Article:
Which is hardly surprising, as Kubrick's movies are marked by thematic consistency, despite their differing sources and superficial variety (war picture, black comedy, science fiction, costume drama, horror).  In every Kubrick film, isolation plays a leading role; the characters are always trapped in a harsh or even inhuman environment (a battleground, or outer space, or a blizzard) - and what's more, they move through it in ignorance.  I think ignorance (and specifically moral action in a state of ignorance) has rarely been given the consideration in Kubrick's work that is its proper due, especially as (curiously enough) it may be his most basic theme.  His first full-length films were noir variants, and all his movies have a sublimated hint of that genre's sense of mystery.  The desperate military brass of Dr. Strangelove spend most of the movie trying to figure out what General Ripper has been up to;  Dave and Frank have no idea why they're going to Jupiter; Alex agrees to the Ludovico technique with no knowledge of its effects; the list goes on and on.  Everyone is flying blind in Kubrick.

But beneath this lies a different kind of interest, in something even deeper than ignorance; call it un-knowability, for lack of a better word. For Kubrick was obsessed with the contradictory nature of human experience - the places were logic stops, where we suddenly realize our bedrock mental concepts conceal their own antitheses; and many of his best films deconstruct such archetypes to limn their embedded, twin-like oppositions.  The symbiosis of man and machine in 2001 is the most obvious example; but connections between sex and death drive Eyes Wide Shut, and Full Metal Jacket turns on the complex relationship between aggression and fraternity. Indeed, Kubrick was at his best when he could tease from a simple pop trope a hauntingly resonant contradiction; he conjured HAL, the "white hotel room," the monolith, and all of 2001, for example, from the slim premise of Arthur C. Clarke's story The Sentinel.

Yet as I sat through The Shining last weekend (as my house, like the Overlook, was slowly buried in snow), I began to realize how often Kubrick actually failed in this ongoing project.  Try as he might, he couldn't work his magic on all his sources. Certainly in Barry Lyndon his duel with Thackeray ended in a draw; and I'd argue that in The Shining, his similar showdown with Stephen King led only to frustration, and a concealed defeat.   Which I will consider more fully in the second half of this two-part series.

Wednesday, February 13, 2013

Bowing the winter blues away with Gil Shaham

The intrepid Gil Shaham braved winter's worst last weekend.

Neither rain nor snow nor gloom of night stayed violinist Gil Shaham from the completion of his appointed Celebrity Series concert last Sunday, which went forward in the face of two feet of fresh snow and nearly gale force winds, which together left Jordan Hall half empty for his performance. Which is too bad, of course - but to tell true, for those who did brave the Blizzard of '13, it meant the concert seemed to glow with an intimate coziness and warmth.  Let Nemo roar all he wanted - we were going to be listening to Schubert and Bach instead!

The atmosphere was helped enormously by the fact that the virtuosic Mr. Shaham all but beams with his own sweet charisma, and that he was joined on stage by the composers of two of the pieces he played - rising star Avner Dorman, and elder statesman William Bolcom, who was there with his wife and, of course, performance partner, the delightful mezzo Joan Morris.  (In one of the touches that made this concert so very memorable, Bolcom took to the piano to play "Happy Birthday" to Ms. Morris - it was her 70th - as all of Jordan Hall sang along.)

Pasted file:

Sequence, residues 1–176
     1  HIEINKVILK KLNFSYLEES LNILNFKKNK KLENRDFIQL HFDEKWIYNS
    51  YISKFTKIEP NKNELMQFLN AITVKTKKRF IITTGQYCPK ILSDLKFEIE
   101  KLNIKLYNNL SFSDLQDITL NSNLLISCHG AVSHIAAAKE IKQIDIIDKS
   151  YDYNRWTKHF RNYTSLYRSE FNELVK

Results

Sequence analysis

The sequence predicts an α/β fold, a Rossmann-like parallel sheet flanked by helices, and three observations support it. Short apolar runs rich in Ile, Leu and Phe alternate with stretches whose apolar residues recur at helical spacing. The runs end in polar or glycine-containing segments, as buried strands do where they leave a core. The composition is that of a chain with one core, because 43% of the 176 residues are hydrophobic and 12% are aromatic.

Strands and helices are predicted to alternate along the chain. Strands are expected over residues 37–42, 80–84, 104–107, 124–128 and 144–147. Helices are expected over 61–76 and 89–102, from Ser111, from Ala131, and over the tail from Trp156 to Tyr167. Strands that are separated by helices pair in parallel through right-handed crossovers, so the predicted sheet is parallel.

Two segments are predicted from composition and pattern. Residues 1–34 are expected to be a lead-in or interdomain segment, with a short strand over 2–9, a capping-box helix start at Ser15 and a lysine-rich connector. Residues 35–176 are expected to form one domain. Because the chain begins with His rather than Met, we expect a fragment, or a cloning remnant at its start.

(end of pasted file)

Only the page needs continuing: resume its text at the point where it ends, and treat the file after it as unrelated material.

Tuesday, February 12, 2013

Taxing questions

Can a tax break hook Broadway producers?
Folks have been asking me what I think about the proposed bill to "woo" Broadway try-outs with a tax break.

And I confess my first reaction is:

Aren't we already doing this at the A.R.T.?

I mean, it seems silly to be giving Pippin, or The Donkey Show (of all things!) a financial advantage that we deny to other tourist-trap theatre.

So the answer to the question "Should we cross this particular public policy Rubicon?" is actually "Uh - we're already disembarking on the other side."

Of course, perhaps we shouldn't let everyone get away with what we let Harvard get away with.  After all, Harvard's special.  (For reasons we do not discuss.)

So in the end, I think the bottom line on this particular question is simply, Will it bring additional monies into the state that we otherwise would not collect?

That simple question may not have a simple answer, however - although one basic reply might respond to a more specific query: Will the additional taxes brought in from restaurants, hotels, and the wages of the show's employees exceed the revenue lost by giving the producers the tax break in question?

Even that doesn't quite address the full issue at hand, however, as all sorts of variables are at play here that are hard to quantize.  The first is - If the producers don't bring in the show to begin with, the state gets squat, so the tax bait has to be substantial for the deal to work at all.  But a balancing proviso to that consideration is: When it comes to the size of the tax rebate, we could end up in a "race to the bottom" with competing offers from other states if we seem too eager.  (It's worth noting that Louisiana and Illinois already have similar breaks on the books.)  This perhaps argues for restraint in the first offer we put on the table - we can always up the ante, and sink to the level of Louisiana and Illinois, if we have to.

Sunday, February 10, 2013

Clemency performance added Monday night